The carbon calculator differs from others on the market (including the Toitū e-manage calculator) by using different structures and emissions calculations. It also takes into consideration the carbon that is emitted purely from the construction process.
Whaley said Spaceworks will continue to use the standard Toitū calculator to measure emissions from the business itself and will employ the new calculator for its clients.
Initially, the company plans to hang onto the calculator and keep it for its own use, but down the track would be open to requests from other companies and would like to see it become available for others to use.
Whaley described the tool like a giant excel spreadsheet that has a lot of pre-loaded carbon information.
Data related to the plan – such as flooring on a square metre basis or linear metre walls – would be entered into this platform and turned into calculations that equate to measurements people can understand, such as distance travelled in a car.
After the initial carbon footprint is calculated, design reduction options are provided to clients, and they then have the choice to offset the remaining carbon through an accredited company that brings the emission rate down to zero.
So far, the calculator has been tested on three office fit-out projects ranging from 250sqm to 1500sqm.
Average testing has found each square metre equates to between 50 and 65 kilograms of carbon dioxide.
In building project terms, this means a 250sqm fit-out produces 11.25-15 tonnes of embodied carbon and a 700sqm design produces about 49 tonnes (the equivalent of 13 flights between Auckland and London).
Whaley said the calculator will be an extra part of the design phase and the cost would vary depending on the complexity of the project.
She said it’s not a profit-making machine for the company but would equate to about 3% of construction costs and 3% of project costs that would cover running and operating the calculator as well as developing reduction strategies for clients.
Whaley also defends against claims it might be a marketing move.
“It would be easy to say it was a marketing ploy but if it was a marketing ploy, I would want to make a lot of money out of it,” she said.
Toitū Envirocare is a Government-owned Crown research institute and New Zealand’s leading science-based environmental and carbon certifier.
Toitū technical general manager Dr Belinda Mathers said the lifecycle assessment team worked on the tool and it was developed within the Toitū technical team.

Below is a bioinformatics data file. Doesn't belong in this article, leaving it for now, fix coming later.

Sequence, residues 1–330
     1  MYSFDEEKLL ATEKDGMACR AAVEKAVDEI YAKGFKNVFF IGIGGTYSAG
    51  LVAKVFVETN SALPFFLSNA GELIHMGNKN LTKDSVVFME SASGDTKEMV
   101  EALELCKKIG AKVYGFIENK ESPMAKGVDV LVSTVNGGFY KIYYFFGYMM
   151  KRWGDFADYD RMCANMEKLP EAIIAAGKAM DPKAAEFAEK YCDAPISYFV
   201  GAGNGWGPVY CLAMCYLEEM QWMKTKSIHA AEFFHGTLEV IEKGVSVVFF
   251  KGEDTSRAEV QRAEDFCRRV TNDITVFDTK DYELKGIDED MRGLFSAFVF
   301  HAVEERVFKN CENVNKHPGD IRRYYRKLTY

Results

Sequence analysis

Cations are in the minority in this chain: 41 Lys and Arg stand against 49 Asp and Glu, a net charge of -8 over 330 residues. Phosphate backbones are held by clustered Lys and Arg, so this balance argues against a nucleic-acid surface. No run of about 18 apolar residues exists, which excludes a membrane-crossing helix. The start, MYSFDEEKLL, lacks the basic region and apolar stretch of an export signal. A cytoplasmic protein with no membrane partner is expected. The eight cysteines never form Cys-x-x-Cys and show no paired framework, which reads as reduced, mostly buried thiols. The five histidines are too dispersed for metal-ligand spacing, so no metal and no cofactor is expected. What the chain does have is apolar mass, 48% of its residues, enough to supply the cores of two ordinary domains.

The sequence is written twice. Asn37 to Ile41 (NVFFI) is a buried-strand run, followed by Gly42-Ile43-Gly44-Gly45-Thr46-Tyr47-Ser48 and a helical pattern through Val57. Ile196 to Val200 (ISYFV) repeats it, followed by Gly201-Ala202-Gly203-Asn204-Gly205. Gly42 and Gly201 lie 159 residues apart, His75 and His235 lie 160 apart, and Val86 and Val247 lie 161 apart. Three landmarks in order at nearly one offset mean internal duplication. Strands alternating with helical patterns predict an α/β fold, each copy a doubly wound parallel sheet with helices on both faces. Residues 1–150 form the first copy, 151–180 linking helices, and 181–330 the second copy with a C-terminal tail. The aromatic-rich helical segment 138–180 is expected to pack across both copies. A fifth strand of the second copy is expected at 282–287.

Mathers said the tool was commissioned by Spaceworks and based on the international measurement standard for products and services (ISO 14067) and then customised, but declined to disclose the cost to NBR.
She believes the growing interest in these tools is genuine and the fact that companies such as Spaceworks were coming to organisations such as Toitū for help rather than going it alone indicated that.
While the tool was developed specifically for New Zealand, Mathers said it would be relatively straightforward to turn it into something suitable for another geography through a few updates.
Toitū has seen increased interest from the building sector recently. Tools in the space are increasing as demand grows, but Mathers said they can be quite broad and not set up how people want or need them.
“So it might be that these things have been wanted for a while, but there wasn’t quite the framework to work on that until relatively recently,” she said.
Other sectors such as freight and travel are also interested in calculating carbon, and Mathers thinks there is room for different calculators focused on certain industry needs.
Building sector emissions
After the agricultural industry, building and construction is the country’s second-largest carbon emitter, with emissions growing 66% between 2007 and 2017.
New Zealand has made commitments to reducing and ultimately eliminating carbon emissions by 2050, signing the Zero Carbon Act in 2019.
New Zealand will try to eliminate carbon emissions by 2050.
It’s estimated that building lower-carbon buildings could boost the New Zealand economy by $147 billion and support 46,000 jobs between 2025 and 2050.
Across the globe, construction and building operations make up nearly 40% of all carbon emissions, and global construction waste is set to double to 2.2 billion tonnes by 2025.
The growth of carbon interest
Recently, in New Zealand and abroad, there has been an increase in interest in the carbon space, with large corporations in particular sectors such as banking hoping to get ahead of mandatory climate-related disclosure legislation.
From next year, the 200 largest listed companies, and financial companies, will have to report on their climate risk through these legislated disclosures – which are still being developed by the External Reporting Board.
Back in August, Kiwibank announced a partnership with sustainable fintech company Cogo that would allow business customers to calculate their emissions footprint.